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United States v. Anderson

July 26, 1995






Appeal from the United States District Court for the Northern District of Illinois, Eastern Division.

No. 91 CR 1012--Brian Barnett Duff, Judge.

Before CUDAHY, RIPPLE, and KANNE, Circuit Judges.

RIPPLE, Circuit Judge.

ARGUED MAY 19, 1995


Derrick Anderson challenges his conviction for possessing piperidine, knowing or having reasonable cause to believe that it would be used to manufacture phencyclidine in violation of 21 U.S.C. sec. 841(d)(2). He also challenges his sentence on the ground that the district court erred in ordering a two-point enhancement for possessing a firearm. We affirm.


A. Facts

From June 1989 until December 1991, Derrick Anderson ordered equipment and chemicals from two chemical supply companies, Fisher Scientific and Aldrich Chemical Co. On numerous occasions, Mr. Anderson ordered the chemical piperidine. He also obtained benzene, cyclohexanone, ether, potassium cyanide, phenyl magnesium bromide, storage containers, and a triple beam balance. Piperidine is a "listed precursor chemical" under the Chemical Trafficking and Diversion Act, 21 U.S.C. sec. 802(34)(J). When combined with hydrochloric acid, cyclohexanone, and a cyanide compound, piperidine produces 1-piperidinocyclohexane carbonitrile (PCC). PCC is a precursor, or essential building block, used to manufacture the controlled substance phencyclidine (PCP). PCC crystals are dried and dissolved in a solvent, such as ether or benzene. As the crystals dissolve, a "gringard reagent," such as phenyl magnesium bromide, and water are added to produce PCP.

In addition to their potential illicit use, many of the chemicals Mr. Anderson ordered are hazardous. To help ensure that the chemicals were being used safely and legitimately, the chemical suppliers asked Mr. Anderson to certify that the materials were for laboratory use only. Mr. Anderson's orders listed the buyer as "Chemical Testing Corporation," or "CTC." Mr. Anderson listed the company address as "152 Northwest Highway, Suite 1100, Department C-20." He claimed the company was located in an industrial park. He also submitted information that purported to be from a chemist at CTC who was qualified to handle the chemicals. Chemical Testing Corporation did not exist. Although Mr. Anderson operated a firm known as "CTC," its initials stood for "Chicago Travel Company." The shipping address Mr. Anderson provided corresponded to "Parcel Service Center," a private mail-box firm located in Palatine, Illinois.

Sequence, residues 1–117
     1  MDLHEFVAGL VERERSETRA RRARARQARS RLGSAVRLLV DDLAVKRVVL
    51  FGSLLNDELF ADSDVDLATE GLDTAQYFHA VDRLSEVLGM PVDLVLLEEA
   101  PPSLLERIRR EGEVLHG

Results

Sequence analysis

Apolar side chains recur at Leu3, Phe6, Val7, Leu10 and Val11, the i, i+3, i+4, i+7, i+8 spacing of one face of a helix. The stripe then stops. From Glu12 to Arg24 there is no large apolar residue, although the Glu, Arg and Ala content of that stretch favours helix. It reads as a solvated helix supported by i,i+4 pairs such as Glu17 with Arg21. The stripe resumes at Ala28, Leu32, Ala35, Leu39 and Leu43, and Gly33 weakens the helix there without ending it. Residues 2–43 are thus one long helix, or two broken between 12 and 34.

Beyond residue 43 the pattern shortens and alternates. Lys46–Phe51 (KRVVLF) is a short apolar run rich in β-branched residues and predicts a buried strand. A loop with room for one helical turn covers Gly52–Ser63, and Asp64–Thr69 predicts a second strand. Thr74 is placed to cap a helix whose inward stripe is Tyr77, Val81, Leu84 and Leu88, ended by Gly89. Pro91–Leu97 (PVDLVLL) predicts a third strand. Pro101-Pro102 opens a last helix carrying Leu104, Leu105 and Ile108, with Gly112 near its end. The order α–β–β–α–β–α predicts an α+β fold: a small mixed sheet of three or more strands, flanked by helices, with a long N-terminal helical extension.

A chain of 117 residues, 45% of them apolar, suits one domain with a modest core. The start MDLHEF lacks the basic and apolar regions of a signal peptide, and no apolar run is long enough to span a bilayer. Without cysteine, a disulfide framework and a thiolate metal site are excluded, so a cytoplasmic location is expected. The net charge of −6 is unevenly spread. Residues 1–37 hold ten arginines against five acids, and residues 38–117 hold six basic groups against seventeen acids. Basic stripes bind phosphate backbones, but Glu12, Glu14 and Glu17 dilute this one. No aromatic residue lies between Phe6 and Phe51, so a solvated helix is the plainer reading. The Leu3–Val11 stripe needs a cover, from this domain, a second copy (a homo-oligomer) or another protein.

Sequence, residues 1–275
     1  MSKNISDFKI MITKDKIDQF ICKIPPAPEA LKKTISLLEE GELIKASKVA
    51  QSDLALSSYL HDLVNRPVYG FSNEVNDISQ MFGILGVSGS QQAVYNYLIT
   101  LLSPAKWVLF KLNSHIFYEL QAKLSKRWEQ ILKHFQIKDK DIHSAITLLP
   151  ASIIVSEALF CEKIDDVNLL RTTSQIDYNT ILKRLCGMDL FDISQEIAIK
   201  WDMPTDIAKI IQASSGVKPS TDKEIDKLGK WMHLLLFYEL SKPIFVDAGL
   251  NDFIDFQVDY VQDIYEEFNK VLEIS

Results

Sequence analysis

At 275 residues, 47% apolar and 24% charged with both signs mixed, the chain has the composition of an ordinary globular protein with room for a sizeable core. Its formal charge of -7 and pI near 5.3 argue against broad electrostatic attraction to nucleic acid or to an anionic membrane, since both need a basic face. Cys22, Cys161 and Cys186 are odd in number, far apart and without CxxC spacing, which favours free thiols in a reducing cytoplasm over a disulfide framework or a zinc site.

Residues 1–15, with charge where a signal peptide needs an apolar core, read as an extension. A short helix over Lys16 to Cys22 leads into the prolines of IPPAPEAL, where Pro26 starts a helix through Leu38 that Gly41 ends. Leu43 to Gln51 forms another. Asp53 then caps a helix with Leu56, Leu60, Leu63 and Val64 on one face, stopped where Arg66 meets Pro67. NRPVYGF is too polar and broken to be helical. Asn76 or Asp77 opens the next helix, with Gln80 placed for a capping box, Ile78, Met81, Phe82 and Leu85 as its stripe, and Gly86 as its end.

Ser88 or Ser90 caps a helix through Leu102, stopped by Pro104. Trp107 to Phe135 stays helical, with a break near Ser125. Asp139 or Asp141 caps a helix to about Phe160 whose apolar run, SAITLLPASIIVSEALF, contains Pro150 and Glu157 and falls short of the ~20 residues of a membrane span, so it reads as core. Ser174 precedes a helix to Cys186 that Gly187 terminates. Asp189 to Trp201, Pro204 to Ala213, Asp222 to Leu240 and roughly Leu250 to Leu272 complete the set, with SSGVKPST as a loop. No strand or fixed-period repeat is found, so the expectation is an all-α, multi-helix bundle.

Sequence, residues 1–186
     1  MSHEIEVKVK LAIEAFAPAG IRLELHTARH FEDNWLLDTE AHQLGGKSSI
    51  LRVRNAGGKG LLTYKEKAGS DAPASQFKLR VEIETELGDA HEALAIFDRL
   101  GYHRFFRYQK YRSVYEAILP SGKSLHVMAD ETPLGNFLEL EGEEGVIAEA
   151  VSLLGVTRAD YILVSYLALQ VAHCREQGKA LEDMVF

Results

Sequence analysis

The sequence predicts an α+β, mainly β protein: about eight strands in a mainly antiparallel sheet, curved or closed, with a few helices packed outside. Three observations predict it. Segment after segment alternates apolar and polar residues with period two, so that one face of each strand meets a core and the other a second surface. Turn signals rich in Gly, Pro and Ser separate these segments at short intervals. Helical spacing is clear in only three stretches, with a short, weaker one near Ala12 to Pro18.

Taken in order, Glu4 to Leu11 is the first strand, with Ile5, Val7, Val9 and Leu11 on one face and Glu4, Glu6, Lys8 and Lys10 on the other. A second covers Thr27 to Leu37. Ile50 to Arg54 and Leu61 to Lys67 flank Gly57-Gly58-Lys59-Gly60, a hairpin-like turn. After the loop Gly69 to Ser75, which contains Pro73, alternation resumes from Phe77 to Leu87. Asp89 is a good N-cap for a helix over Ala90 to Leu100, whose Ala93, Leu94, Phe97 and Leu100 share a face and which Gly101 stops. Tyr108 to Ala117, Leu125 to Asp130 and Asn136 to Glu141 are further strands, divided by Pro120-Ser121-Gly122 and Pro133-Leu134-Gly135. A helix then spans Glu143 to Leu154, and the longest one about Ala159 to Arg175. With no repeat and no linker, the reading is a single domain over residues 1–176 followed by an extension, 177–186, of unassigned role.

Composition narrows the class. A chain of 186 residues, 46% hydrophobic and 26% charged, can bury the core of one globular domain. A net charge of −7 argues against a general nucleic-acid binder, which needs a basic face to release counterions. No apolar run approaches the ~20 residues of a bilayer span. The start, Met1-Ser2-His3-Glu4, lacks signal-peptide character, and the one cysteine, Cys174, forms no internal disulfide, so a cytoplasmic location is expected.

The Drug Enforcement Administration became suspicious of CTC's activities. The DEA determined that the chemicals Mr. Anderson was acquiring could be used to manufacture only PCP. It also discovered that Chemical Testing Corporation did not exist. In December 1991, the DEA learned that Mr. Anderson had placed an order for phenyl magnesium bromide. Agents staked out the Parcel Service Center. In the early evening hours of December 12, 1991, a Chevy Blazer arrived at the scene. Mr. Anderson, who was a passenger in the vehicle, exited the Blazer, entered the building and returned with a package. He then removed the exterior packaging and climbed back into the Blazer. Agents followed the vehicle and eventually pulled it over. They arrested the driver, William Martin, Jr., as well as Mr. Anderson. Inside the Blazer, agents found bottles of phenyl magnesium bromide in the same compartment as a loaded .32 caliber revolver.

B. Earlier Proceedings

Mr. Anderson was tried and convicted on twenty counts of "knowingly or intentionally" possessing piperidine "knowing or having reasonable cause to believe" it would be used to manufacture a controlled substance. 21 U.S.C. sec. 841(d)(2). *fn1 He was sentenced September 10, 1993. The district court, without objection, used the 1992 version of the Sentencing Guidelines, which were in effect at that time. Pursuant to U.S.S.G. sec. 2D1.11(b)(1), the district court ordered Mr. Anderson's sentence enhanced two points because he possessed a firearm. Mr. Anderson contended that he owned neither the .32 caliber revolver nor the Chevy Blazer in which it was found. He emphasized that his fingerprints were not found on the gun. The district court rejected Mr. Anderson's arguments, reasoning that Mr. Anderson "couldn't have not known that that gun was in that compartment." R.107 at 20. Mr. Anderson's criminal history category of I and his base offense level of 30 generated a sentencing range of 97-121 months. He was sentenced to 120 months' imprisonment.